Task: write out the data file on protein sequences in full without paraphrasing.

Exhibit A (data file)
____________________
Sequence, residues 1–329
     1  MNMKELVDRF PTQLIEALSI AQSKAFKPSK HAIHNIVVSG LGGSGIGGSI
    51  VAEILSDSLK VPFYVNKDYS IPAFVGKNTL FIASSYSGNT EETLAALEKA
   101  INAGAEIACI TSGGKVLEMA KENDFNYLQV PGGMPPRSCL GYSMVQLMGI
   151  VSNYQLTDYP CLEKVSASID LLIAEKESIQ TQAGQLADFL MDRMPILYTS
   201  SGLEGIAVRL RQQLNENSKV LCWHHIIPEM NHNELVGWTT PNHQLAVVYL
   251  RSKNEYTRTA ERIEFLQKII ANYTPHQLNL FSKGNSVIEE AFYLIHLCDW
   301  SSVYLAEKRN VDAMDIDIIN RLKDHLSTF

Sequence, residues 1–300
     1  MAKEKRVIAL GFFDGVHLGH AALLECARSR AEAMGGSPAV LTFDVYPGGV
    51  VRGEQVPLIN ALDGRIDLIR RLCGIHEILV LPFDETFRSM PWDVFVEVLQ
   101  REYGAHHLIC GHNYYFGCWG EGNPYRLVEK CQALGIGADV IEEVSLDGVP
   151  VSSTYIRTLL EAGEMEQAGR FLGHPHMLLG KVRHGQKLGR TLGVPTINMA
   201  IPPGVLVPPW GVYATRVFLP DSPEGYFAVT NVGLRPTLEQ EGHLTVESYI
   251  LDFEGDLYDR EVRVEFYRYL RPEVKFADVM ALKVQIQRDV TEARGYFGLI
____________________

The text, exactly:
Sequence, residues 1–329
     1  MNMKELVDRF PTQLIEALSI AQSKAFKPSK HAIHNIVVSG LGGSGIGGSI
    51  VAEILSDSLK VPFYVNKDYS IPAFVGKNTL FIASSYSGNT EETLAALEKA
   101  INAGAEIACI TSGGKVLEMA KENDFNYLQV PGGMPPRSCL GYSMVQLMGI
   151  VSNYQLTDYP CLEKVSASID LLIAEKESIQ TQAGQLADFL MDRMPILYTS
   201  SGLEGIAVRL RQQLNENSKV LCWHHIIPEM NHNELVGWTT PNHQLAVVYL
   251  RSKNEYTRTA ERIEFLQKII ANYTPHQLNL FSKGNSVIEE AFYLIHLCDW
   301  SSVYLAEKRN VDAMDIDIIN RLKDHLSTF

Sequence, residues 1–300
     1  MAKEKRVIAL GFFDGVHLGH AALLECARSR AEAMGGSPAV LTFDVYPGGV
    51  VRGEQVPLIN ALDGRIDLIR RLCGIHEILV LPFDETFRSM PWDVFVEVLQ
   101  REYGAHHLIC GHNYYFGCWG EGNPYRLVEK CQALGIGADV IEEVSLDGVP
   151  VSSTYIRTLL EAGEMEQAGR FLGHPHMLLG KVRHGQKLGR TLGVPTINMA
   201  IPPGVLVPPW GVYATRVFLP DSPEGYFAVT NVGLRPTLEQ EGHLTVESYI
   251  LDFEGDLYDR EVRVEFYRYL RPEVKFADVM ALKVQIQRDV TEARGYFGLI